The Word "Elixir" has roots in the practice of alchemy; it was used in the Middle Ages as the word for a substance believed able to alter base metals into gold. Its later use for a drug purported to prolong one’s life led to its use in the names of medicines of mostly questionable effectiveness. Today, it is often used generally for anything thought capable of remedying all ills or difficulties, be they physical or otherwise. The word came to us via Middle English and Medieval Latin from Arabic al-iksīr; it probably ultimately derives from a Greek word meaning "desiccative powder."
Interestingly you can see that from a history of the word, it does have its roots in some crazy ideas, some might even argue that the roots of the word are a bit dark and foreboding. Live forever, turn metals to gold and love potion elixirs were all very popular beliefs associated with the term during Medieval times.
Just as we have come a long way in our understanding of medicine since those times we have also cast of ideas of turning random metals to gold and attempting to live forever. In modern times the word “Elixir” refers to a medicinal concoction or a sweetened liquid usually containing some form of alcohol that is used in medication as a flavoring or for its medicinal compounds.
Typically today one can find elixirs in the cough and cold section of your local pharmacy and interestingly enough if you take a stroll down the beauty aisle you will still see the word thrown about on a variety of anti-aging lotions and serums marketed to the woman who wants to look forever youthful.
I do want to stick a warning in here, I am a Christian and therefore careful where I source my information, I say this because there are many in the realm of witchcraft who also practice the use of homeopathic medicine and herbalism. I do not give any credence to earth worship or potion power but do recognize that God created everything on this earth, some plants he created with medicinal properties for humans to use. That being said often when you search the internet for recipes of herbal elixirs, the sites that come up have an undertone, if not outright declaration of association to some realm of earth worship or witchcraft. Just be careful is the warning, I only share information as it relates to keeping you and your family healthy in a natural manner and I choose to avoid sites like the ones I have mentioned.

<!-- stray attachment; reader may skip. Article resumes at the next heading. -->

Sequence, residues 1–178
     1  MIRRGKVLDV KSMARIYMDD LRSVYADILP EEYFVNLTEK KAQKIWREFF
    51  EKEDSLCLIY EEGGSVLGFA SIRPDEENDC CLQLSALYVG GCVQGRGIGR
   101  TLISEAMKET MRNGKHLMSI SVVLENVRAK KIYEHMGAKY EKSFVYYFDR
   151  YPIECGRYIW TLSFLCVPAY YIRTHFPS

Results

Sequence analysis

So, how do you make an elixir as it relates to homeopathic medicine? If you read my previous post on Tinctures you have a base idea already. A tincture is made by extracting the medicinal properties of a plant or herb through the use of alcohol distillation. A basic elixir is similar to a tincture but with the addition of a sweetener, in herbal medicine most often honey. Many Elixir recipes also add water (distilled) to do a bit of dilution to the mix. The honey can often act as a stabilizer in your elixir and can sweeten things up a bit making an elixir a bit easier for children to stomach. I think of Mary Poppin’s song here..,”Just a spoon full of sugar helps the medicine go down...”
Back to Elixirs. One can make an elixir with a simple syrup recipe by adding alcohol as a stabilizer or one can make an elixir by adding honey to a tincture. (Typical ratio of tincture to honey is 2:1 in favor of honey. Either is fine really as long as you are not heating the alcohol as that destroys some of its components that make it a good preservative for your herbs. I could easily adapt my Echinacea Elderberry Cold & Cough Syrup into an elixir simply through the addition of alcohol to stabilize the mixture. (I would then not have to keep it in the refrigerator and could instead keep it in the cabinet) However, I choose to make mine a syrup more often than not as I use it with my very young children.
Here is one for a winter immunity booster elixir
Here is a list of medicinal syrups and elixirs.
and a variety of herbs or flowers selected for their medicinal purposes, have at it! Leave a comment and let me know which you intend to try making first, or if you have a tried and true recipe, leave that as well.